The performances, all of them, are delightful. Marissa Jaret Winokur, a 20 something spitfire with a large voice and unlimited energy, dominates the album. But she is surrounded by fine performers. Kerry Butler, Matthew Morrison, Corey Reynolds, Laura Bell Bundy, Mary Bond Davis, Clarke Thorell, Linda Hart, and Jackie Hoffman all offer strong support. While directors are not typically praised for what you hear on a cast album, Jack O'Brien has done a spectacular job onHairspray — as is evident in the individual and collective performances. Co-star Harvey Fierstein is quite something onstage, although his singing voice is — shall we say — out of the ordinary. I can imagine that anyone listening to Hairspray with no knowledge of the show, and without the liner note photo of Fierstein decked out like a red-white-and-blueberry Dolly Gallagher Levi in his William Ivey Long special, might be a little befuddled. Still, it's quite a performance. Dick Latessa is given one chance to shine, in a duet with Fierstein called "(You're) Timeless to Me," and he milks it for all it's worth and then some.
Feel free to grab theHairspray CD while you're waiting for your tickets. And be prepared to play it again and again. ThisHairspray has a lustrous shine and bounce to the ounce, with extra-long hold.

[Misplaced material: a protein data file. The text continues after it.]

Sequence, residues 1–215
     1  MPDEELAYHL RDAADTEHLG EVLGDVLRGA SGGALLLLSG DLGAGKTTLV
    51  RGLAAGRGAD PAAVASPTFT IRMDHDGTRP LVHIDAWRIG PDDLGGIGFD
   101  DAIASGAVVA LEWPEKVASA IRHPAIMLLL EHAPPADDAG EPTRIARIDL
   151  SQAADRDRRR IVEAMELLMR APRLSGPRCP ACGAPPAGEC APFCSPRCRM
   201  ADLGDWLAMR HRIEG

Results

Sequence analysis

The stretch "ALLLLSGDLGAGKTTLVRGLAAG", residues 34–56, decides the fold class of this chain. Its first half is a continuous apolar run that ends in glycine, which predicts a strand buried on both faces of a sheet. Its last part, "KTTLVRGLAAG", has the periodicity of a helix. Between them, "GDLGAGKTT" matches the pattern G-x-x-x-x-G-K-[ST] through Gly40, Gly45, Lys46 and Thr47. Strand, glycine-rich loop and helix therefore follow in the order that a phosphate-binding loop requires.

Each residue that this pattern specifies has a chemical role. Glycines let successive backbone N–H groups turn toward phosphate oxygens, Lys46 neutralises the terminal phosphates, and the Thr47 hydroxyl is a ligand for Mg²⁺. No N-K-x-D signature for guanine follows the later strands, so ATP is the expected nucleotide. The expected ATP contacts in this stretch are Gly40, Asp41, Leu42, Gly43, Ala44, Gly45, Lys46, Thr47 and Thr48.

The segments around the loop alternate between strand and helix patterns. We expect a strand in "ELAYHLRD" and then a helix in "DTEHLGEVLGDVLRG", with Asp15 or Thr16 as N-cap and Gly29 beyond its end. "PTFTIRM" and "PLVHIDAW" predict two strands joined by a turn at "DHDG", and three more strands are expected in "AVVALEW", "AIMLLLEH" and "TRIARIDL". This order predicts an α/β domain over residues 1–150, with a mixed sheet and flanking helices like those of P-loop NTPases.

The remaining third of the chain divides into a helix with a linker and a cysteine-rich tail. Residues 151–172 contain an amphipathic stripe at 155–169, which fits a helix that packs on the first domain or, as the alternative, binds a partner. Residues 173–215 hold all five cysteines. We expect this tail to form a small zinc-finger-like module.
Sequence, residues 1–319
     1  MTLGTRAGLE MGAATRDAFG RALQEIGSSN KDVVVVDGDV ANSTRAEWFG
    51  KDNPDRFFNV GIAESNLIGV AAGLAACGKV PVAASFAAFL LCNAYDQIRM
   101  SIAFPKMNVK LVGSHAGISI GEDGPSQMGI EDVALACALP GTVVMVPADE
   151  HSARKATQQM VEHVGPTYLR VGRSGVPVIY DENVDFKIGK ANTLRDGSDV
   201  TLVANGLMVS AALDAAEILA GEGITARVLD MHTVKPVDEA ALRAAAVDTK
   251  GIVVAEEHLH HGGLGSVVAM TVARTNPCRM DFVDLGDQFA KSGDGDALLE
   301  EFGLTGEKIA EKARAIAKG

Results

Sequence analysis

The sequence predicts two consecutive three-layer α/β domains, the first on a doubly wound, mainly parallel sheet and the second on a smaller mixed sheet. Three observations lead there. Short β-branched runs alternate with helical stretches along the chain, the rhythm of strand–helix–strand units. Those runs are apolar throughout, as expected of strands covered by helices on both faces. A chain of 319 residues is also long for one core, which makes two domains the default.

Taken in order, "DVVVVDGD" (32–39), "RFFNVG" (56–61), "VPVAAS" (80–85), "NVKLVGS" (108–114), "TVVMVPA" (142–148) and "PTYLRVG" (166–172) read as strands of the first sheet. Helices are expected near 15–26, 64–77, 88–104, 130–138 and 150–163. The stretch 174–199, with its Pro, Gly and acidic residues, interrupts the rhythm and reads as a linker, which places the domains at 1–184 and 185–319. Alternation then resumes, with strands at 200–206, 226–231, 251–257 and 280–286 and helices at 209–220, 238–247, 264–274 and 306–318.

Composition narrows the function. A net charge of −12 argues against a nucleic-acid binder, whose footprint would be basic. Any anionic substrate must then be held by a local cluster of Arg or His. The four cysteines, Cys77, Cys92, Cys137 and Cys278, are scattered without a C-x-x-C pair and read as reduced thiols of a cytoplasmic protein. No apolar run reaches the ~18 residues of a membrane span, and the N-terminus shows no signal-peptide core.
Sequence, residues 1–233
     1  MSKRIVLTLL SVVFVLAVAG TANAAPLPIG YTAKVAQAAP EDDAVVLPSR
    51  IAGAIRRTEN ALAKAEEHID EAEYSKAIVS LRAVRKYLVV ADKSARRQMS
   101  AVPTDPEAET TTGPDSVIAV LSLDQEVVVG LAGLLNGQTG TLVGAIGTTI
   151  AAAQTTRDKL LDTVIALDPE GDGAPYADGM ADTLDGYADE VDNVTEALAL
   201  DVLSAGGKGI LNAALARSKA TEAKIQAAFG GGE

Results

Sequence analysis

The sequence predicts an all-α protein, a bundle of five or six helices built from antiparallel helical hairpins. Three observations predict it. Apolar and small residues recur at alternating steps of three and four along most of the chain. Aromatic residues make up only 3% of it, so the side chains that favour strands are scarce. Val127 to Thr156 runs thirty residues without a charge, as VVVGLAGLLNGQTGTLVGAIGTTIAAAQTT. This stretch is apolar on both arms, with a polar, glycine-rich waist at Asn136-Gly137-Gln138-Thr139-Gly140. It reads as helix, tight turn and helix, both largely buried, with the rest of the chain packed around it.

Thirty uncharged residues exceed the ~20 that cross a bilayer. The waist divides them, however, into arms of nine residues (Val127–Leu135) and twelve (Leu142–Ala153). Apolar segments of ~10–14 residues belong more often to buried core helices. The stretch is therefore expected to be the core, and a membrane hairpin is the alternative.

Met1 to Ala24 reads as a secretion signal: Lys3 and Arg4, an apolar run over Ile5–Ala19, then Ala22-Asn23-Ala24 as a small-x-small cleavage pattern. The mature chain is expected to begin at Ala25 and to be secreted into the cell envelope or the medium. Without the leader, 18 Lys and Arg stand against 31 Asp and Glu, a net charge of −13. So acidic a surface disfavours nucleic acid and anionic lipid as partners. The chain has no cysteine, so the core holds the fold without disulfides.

ROBERTA/THE VAGABOND KING Decca Broadway 440 018 731
The career of Jerome Kern — and the course of the Broadway musical — changed markedly with the opening of Show Boat in 1927. This topic has been discussed at length elsewhere, and I surely don't need to go into it here. But Kern seemed to develop a new musical maturity overnight; while much of his earlier work was playfully inventive and tuneful, a new complexity appeared that resulted in 30 glorious songs over the next 12 years.
Oddly, though, Kern's nine musicals from Show Boat on were mixed. Sweet Adeline (1929), The Cat and the Fiddle (1931), and Music in the Air (1932) all had strong scores. Kern's final show, the ill-fated Very Warm for May (1939), also had some amazing songs (including one of his very finest). But two British musicals — Blue Eyes (1928) andThree Sisters (1934) — and the Civil War musical Gentlemen Unafraid (1938), which never reached Broadway, had only one memorable song between them. Mixed among these was Roberta (1933), a turgid affair meant to showcase the latest in women's fashions from Paree. The pre-Broadway title, in fact, was Gowns by Roberta.
The show underwent a typically troublesome tryout, with the director cashiered in Philadelphia. The director in question was the dictatorial Kern himself, so one can imagine the carryings on. The show limped into the New Amsterdam, where it managed to catch on — thanks to the combination of the latest in women's fashions from Paree, cut-rate tickets and the song hit "Smoke Gets in Your Eyes." Roberta made it through 295 performances.